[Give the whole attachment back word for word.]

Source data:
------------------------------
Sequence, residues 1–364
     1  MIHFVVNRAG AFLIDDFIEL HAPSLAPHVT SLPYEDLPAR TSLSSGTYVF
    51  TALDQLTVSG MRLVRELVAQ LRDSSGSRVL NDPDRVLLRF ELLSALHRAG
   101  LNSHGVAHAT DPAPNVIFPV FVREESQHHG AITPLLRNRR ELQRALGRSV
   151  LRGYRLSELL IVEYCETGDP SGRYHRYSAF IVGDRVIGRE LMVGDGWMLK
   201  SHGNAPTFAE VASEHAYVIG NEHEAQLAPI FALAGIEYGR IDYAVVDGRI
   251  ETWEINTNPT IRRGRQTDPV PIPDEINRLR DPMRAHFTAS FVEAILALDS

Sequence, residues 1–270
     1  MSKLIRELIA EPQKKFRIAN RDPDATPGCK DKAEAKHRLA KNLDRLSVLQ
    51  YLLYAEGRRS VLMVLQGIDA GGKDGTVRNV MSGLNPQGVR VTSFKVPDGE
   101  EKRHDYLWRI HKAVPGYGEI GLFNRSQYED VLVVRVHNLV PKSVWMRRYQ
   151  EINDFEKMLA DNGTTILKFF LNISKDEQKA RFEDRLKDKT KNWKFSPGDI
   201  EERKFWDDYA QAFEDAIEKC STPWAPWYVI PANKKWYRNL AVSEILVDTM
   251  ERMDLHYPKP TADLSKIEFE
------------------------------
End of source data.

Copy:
Sequence, residues 1–364
     1  MIHFVVNRAG AFLIDDFIEL HAPSLAPHVT SLPYEDLPAR TSLSSGTYVF
    51  TALDQLTVSG MRLVRELVAQ LRDSSGSRVL NDPDRVLLRF ELLSALHRAG
   101  LNSHGVAHAT DPAPNVIFPV FVREESQHHG AITPLLRNRR ELQRALGRSV
   151  LRGYRLSELL IVEYCETGDP SGRYHRYSAF IVGDRVIGRE LMVGDGWMLK
   201  SHGNAPTFAE VASEHAYVIG NEHEAQLAPI FALAGIEYGR IDYAVVDGRI
   251  ETWEINTNPT IRRGRQTDPV PIPDEINRLR DPMRAHFTAS FVEAILALDS

Sequence, residues 1–270
     1  MSKLIRELIA EPQKKFRIAN RDPDATPGCK DKAEAKHRLA KNLDRLSVLQ
    51  YLLYAEGRRS VLMVLQGIDA GGKDGTVRNV MSGLNPQGVR VTSFKVPDGE
   101  EKRHDYLWRI HKAVPGYGEI GLFNRSQYED VLVVRVHNLV PKSVWMRRYQ
   151  EINDFEKMLA DNGTTILKFF LNISKDEQKA RFEDRLKDKT KNWKFSPGDI
   201  EERKFWDDYA QAFEDAIEKC STPWAPWYVI PANKKWYRNL AVSEILVDTM
   251  ERMDLHYPKP TADLSKIEFE